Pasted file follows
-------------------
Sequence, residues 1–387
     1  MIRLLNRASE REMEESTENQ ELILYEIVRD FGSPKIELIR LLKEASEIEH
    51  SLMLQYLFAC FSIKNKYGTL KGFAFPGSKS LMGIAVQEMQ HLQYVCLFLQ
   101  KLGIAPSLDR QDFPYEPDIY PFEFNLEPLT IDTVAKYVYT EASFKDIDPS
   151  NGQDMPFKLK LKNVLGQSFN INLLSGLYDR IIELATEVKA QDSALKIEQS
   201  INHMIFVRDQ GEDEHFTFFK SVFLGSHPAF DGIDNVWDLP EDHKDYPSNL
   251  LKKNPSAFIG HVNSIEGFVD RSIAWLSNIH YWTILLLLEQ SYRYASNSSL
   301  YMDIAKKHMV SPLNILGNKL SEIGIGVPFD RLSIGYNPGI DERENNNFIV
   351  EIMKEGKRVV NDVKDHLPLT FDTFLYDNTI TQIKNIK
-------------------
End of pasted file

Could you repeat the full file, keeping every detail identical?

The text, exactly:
Sequence, residues 1–387
     1  MIRLLNRASE REMEESTENQ ELILYEIVRD FGSPKIELIR LLKEASEIEH
    51  SLMLQYLFAC FSIKNKYGTL KGFAFPGSKS LMGIAVQEMQ HLQYVCLFLQ
   101  KLGIAPSLDR QDFPYEPDIY PFEFNLEPLT IDTVAKYVYT EASFKDIDPS
   151  NGQDMPFKLK LKNVLGQSFN INLLSGLYDR IIELATEVKA QDSALKIEQS
   201  INHMIFVRDQ GEDEHFTFFK SVFLGSHPAF DGIDNVWDLP EDHKDYPSNL
   251  LKKNPSAFIG HVNSIEGFVD RSIAWLSNIH YWTILLLLEQ SYRYASNSSL
   301  YMDIAKKHMV SPLNILGNKL SEIGIGVPFD RLSIGYNPGI DERENNNFIV
   351  EIMKEGKRVV NDVKDHLPLT FDTFLYDNTI TQIKNIK